gtag('config', 'AW-1029898234');

By Ryan McNeill, Attorney at Law

Today’s definition of family in the US no longer automatically translates to a mother, father, and two-plus children. There are more single parents, couples living together, couples who have divorced and remarried, same sex couples, and grandparents raising their grandchildren. As often happens, the laws around estate planning have not necessarily caught up to reflect this new reality. In some cases, the laws that are on the books where you live may result in legal outcomes that are directly opposite your wishes.

It’s Complicated

It’s estimated that one-third of all marriages in the US today form stepfamilies. Couples who remarry once (or two or three times) may have children and stepchildren from each of those marriages. This can make creating an estate plan and naming beneficiaries complicated. Consider these situations:

• A couple is living together but they are not married. Without an estate plan or having named the other person as their beneficiary in their will, on bank accounts or retirement funds, the current laws in North Carolina will not recognize the surviving partner’s right to those assets. Instead, the assets would go to any children of the deceased individual first. If there are no children, they would generally be distributed – in this order – to parents, siblings, grandparents, or aunts and uncles.
• A couple gets married and it’s a second marriage for both. Both husband and wife have children from their first marriages, then have another child (or children) together. How should their assets be divided among their beneficiaries? This is a discussion that should be had before the couple marries. A prenuptial agreement is probably also a good idea if the intent is to preserve assets brought into the marriage for the benefit of the children of that person’s previous marriage.
• A couple is in a second marriage and one spouse prefers to name a step-child as executor or to serve as a health care decision-maker rather than his/her own child. In the absence of a legal will, trust or advanced directives, the law will likely include a preference for the “next of kin” as opposed to a non-family member you wish to serve in those decision-making or administrative roles.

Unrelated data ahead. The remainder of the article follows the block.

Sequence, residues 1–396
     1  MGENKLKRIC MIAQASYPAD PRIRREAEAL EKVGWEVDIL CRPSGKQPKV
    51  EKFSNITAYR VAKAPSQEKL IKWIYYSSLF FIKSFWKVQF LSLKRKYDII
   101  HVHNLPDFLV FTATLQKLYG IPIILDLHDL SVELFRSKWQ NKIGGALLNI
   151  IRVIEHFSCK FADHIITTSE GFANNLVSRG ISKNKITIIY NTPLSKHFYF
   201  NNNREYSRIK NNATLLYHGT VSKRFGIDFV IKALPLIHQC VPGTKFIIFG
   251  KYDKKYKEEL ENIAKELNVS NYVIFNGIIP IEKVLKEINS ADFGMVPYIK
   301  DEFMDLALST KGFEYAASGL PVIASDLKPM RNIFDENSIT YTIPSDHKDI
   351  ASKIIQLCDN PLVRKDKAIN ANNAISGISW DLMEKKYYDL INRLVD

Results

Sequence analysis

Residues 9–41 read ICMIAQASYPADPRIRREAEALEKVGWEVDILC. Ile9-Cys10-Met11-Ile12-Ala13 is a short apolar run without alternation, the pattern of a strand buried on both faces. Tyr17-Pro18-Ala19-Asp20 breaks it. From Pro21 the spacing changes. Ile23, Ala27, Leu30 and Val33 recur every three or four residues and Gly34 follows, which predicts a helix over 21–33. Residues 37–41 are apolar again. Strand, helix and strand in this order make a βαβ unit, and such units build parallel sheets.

• Who makes healthcare decisions if there is not a healthcare power of attorney? Or what if you become incapacitated and are not able to make financial decisions? Again, as relationships become more complex, it’s important to document who you want to make decisions on your behalf if you are unable to do so as the law still leans into biological next-of-kin for serving in those roles absent legal document appointing someone else.
• An individual prefers a name which does not match what is on their birth certificate, driver’s license or social security card. Documents should potentially reference as “aka” the name which would correspond with those government issued identifications to avoid confusion or an inability to utilize advanced directives, or efforts should be made to consider a legal name change and alignment of those various identifying government issued cards/licenses.
• Grandparents are increasingly tasked with raising their grandchildren. This brings an entirely different set of challenges. It is important that the grandparents have the legal right to make financial, health-care, and educational decisions on behalf of their grandchildren through guardianship or custody orders. If you are in this situation, we strongly encourage you to speak to a family law attorney.

Estate Planning “Musts”
There are a few estate planning guidelines we recommend for everyone:

  1. If you are a competent adult (age 18+), you should have an estate plan. Even if you don’t own property or have many assets, you should have advance directives, including a healthcare power of attorney to allow someone you trust to make healthcare decisions if you are unable to do so, and a simple will to name an executor to address any post-death matters which might arise. You never know when you might be incapacitated due to an accident or illness and unable to act in your own best interest.
  2. Your estate plan should be updated every time you experience a life change. This includes marriage, separation, divorce, the birth of a child, death of a loved one, marriage or divorce of a child who might inherit or be named to act under one of your documents, or any other major change. If you divorce and remarry but never change your estate plan, your ex could end up being your legal beneficiary or decision-maker.
  3. Consider a prenuptial agreement prior to remarriage or whether legal marriage is the right decision at all. It can be helpful to plan ahead, especially in cases of second or third marriages. Talking through what will happen with your assets in the event of death or divorce can help prevent family fights and hard feelings down the road.

Need help creating or updating your estate plan? Contact Brinkley Walser Stoner today to schedule an appointment with an estate planning attorney.